Comparison with Farming
In respect to its food producing
purpose, gardening is distinguished from farming chiefly by scale
and intent. Farming occurs on a larger scale, and with the
production of saleable goods as a major motivation. Gardening is
done on a smaller scale, primarily for pleasure and to produce
goods for the gardener's own family or community. There is some
overlap between the terms, particularly in that some
moderate-sized vegetable growing concerns, often called market
gardening, can fit in either category.
The key distinction between
gardening and farming is essentially one of scale; gardening can
be a hobby or an income supplement, but farming is generally
understood as a full-time or commercial activity, usually
involving more land and quite different practices. One distinction
is that gardening is labor-intensive and employs very little
infrastructure capital, typically no more than a few tools, e.g. a
spade, hoe, basket and watering can.
By contrast, larger-scale farming
often involves irrigation systems, chemical fertilizers and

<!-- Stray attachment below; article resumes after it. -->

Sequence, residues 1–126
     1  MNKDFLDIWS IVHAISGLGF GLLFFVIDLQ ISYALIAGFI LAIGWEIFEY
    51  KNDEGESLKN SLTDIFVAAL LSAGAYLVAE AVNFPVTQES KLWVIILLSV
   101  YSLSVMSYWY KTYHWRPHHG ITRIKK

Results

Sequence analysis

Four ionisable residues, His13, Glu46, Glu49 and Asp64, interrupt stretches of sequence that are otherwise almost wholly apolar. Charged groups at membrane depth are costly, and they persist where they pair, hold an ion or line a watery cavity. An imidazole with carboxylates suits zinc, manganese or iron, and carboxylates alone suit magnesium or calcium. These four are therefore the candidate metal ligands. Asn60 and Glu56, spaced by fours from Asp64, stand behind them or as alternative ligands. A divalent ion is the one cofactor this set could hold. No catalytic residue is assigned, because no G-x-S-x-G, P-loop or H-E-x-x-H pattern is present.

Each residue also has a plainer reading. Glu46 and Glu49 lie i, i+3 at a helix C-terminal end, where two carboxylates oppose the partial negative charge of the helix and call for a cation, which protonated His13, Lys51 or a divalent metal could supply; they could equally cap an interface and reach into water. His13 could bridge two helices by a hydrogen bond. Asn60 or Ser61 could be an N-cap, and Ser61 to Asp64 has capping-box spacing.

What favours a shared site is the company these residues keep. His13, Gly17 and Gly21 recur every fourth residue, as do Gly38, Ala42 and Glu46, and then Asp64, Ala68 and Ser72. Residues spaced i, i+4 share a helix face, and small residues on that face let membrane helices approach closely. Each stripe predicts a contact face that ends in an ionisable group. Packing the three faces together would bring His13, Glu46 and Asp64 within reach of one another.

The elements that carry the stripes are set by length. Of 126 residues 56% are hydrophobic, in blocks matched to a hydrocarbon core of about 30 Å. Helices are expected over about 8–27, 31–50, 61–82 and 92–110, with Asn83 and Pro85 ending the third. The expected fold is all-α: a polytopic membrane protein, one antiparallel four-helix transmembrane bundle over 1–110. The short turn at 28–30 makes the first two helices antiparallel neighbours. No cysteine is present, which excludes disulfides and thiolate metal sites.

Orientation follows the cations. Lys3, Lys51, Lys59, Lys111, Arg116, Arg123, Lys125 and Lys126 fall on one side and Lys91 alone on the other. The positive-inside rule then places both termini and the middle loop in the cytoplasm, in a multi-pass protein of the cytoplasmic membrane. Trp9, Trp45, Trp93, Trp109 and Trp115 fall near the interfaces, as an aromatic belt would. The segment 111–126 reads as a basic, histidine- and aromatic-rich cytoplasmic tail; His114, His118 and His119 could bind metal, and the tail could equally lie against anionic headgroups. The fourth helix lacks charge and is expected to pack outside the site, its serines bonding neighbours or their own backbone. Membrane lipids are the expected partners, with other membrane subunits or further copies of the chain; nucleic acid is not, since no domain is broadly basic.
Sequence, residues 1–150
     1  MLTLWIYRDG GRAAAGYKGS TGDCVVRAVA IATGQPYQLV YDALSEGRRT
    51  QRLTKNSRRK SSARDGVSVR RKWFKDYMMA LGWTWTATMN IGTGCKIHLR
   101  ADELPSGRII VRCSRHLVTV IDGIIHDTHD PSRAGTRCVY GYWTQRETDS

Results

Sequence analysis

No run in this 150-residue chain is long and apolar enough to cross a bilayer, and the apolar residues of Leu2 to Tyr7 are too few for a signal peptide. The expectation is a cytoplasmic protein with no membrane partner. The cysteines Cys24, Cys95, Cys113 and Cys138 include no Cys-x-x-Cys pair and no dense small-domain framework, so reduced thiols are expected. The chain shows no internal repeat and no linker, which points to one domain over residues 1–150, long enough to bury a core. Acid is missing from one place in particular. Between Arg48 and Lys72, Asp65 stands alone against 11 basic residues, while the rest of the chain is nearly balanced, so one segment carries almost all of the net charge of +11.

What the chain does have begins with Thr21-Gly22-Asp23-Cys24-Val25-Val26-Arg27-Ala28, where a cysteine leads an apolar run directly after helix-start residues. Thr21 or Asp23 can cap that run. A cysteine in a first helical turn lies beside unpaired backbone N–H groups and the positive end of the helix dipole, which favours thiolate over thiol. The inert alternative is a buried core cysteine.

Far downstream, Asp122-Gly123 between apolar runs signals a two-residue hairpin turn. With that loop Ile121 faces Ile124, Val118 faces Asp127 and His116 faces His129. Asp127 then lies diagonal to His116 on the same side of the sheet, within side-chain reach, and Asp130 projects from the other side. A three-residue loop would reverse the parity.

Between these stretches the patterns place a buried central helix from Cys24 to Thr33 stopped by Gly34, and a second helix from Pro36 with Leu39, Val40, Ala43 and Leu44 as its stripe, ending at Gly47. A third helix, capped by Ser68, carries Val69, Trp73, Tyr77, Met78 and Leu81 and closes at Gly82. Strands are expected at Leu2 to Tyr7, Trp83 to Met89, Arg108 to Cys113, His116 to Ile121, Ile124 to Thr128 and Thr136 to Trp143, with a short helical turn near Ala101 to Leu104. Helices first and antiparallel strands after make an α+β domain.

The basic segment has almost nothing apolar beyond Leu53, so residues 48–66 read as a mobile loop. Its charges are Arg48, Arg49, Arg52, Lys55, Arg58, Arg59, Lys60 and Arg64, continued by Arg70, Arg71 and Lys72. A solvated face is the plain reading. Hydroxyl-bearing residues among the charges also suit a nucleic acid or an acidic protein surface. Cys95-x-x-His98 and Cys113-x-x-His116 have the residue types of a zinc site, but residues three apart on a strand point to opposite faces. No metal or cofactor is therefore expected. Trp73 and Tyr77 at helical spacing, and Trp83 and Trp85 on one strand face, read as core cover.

harvesters or at least ladders, e.g. to reach up into fruit trees.
However, this distinction is becoming blurred with the increasing
use of power tools in even small gardens.
In part because of labor
intensity and aesthetic motivations, gardening is very often much
more productive per unit of land than farming.
In the Soviet Union, half the
food supply came from small peasants' garden plots on the huge
government-run collective farms, although they were tiny patches
of land. Some argue this as evidence of superiority of capitalism,
since the peasants were generally able to sell their produce.
Others consider it to be evidence of a tragedy of the commons,
since the large collective plots were often neglected, or
fertilizers or water redirected to the private gardens.
The term precision agriculture is
sometimes used to describe gardening using intermediate technology
(more than tools, less than harvesters), especially of organic
Gardening is effectively scaled
up to feed entire villages of over 100 people from specialized
plots. A variant is the community garden which offers plots to
urban dwellers; see further in allotment (gardening).